By Tikko Mercado

Suicide is not a normal response to stress, the NE veterans counselor told NE students Feb. 21.

Christopher Hunt, a Desert Storm veteran himself, spoke about the risk factors as well as signs and symptoms for suicide.

“Depression, other mental disorder or substance abuse disorder, prior suicide attempts increases the likelihood or the risk of suicide,” he said.

Men are more likely to die by suicide while women are more likely to attempt suicide, Hunt said. Men are also more likely to use deadlier methods, such as firearms or suffocation, while women are more likely to attempt suicide by poisoning.

“Reducing a suicidal person’s access to highly lethal items or places is an important part of suicide prevention,” he said. “While this is not always easy, asking if the at-risk person has a plan and removing or disabling the lethal means can make a difference.”

Feeling unbearable pain and talking about being a burden to others is a sign and symptom for suicide as well as acting anxious and agitated or withdrawing from family and friends, Hunt said.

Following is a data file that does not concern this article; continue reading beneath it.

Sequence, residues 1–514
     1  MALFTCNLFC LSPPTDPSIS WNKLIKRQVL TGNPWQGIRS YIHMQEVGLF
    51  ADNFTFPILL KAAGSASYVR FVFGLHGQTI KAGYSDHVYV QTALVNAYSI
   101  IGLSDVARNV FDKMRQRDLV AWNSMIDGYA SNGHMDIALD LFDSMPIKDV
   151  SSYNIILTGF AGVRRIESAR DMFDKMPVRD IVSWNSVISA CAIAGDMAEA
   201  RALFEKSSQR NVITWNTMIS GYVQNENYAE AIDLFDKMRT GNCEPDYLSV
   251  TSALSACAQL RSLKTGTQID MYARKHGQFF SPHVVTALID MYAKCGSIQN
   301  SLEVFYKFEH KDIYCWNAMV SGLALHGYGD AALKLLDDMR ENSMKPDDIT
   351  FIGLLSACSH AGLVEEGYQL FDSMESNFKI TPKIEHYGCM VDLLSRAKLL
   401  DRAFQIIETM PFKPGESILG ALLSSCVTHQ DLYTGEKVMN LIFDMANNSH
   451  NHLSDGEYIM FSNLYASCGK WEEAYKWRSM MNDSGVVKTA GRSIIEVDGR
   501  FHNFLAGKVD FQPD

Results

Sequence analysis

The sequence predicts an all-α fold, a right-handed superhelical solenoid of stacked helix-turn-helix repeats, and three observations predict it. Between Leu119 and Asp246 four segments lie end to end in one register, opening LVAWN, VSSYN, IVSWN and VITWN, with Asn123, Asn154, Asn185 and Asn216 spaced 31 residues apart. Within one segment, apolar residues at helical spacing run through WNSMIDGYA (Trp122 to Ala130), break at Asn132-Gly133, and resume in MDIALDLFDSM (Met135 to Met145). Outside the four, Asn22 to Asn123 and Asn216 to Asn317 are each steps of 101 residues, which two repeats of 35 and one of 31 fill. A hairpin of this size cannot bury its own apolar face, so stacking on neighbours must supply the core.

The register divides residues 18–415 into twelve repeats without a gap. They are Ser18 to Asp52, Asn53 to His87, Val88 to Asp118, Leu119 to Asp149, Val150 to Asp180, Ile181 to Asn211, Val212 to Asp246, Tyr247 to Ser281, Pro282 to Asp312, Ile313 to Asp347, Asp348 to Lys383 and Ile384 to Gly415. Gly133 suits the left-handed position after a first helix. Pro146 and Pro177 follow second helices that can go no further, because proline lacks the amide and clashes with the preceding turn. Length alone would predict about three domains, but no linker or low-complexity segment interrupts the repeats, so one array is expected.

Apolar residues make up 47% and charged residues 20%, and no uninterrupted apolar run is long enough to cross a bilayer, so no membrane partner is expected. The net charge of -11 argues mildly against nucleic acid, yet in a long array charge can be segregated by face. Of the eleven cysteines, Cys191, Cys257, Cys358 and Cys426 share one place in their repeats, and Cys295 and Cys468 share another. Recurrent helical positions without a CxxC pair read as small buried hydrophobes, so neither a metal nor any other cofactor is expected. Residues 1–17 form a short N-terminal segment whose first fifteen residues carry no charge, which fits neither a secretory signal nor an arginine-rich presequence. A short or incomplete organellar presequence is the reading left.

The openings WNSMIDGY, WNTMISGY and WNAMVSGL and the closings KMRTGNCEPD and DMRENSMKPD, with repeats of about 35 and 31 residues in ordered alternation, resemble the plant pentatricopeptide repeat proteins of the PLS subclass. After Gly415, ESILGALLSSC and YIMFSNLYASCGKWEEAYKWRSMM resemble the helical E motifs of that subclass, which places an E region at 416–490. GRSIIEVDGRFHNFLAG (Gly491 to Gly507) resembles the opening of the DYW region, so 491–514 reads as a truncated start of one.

“Listen carefully and learn what the individual is thinking and feeling,” he said. “Findings suggest acknowledging and talking about suicide may, in fact, reduce rather than increase suicidal thoughts. Talking about it helps normalize the conversation. Asking about it does more good than harm.”

NE student She Leesa Jones said the presentation was outstanding and the presenter knowledgeable.

“Simply asking a question can save a life,” she said.

Hunt said help is available through the National Suicide Prevention Lifeline at 800-273-8255 (TALK).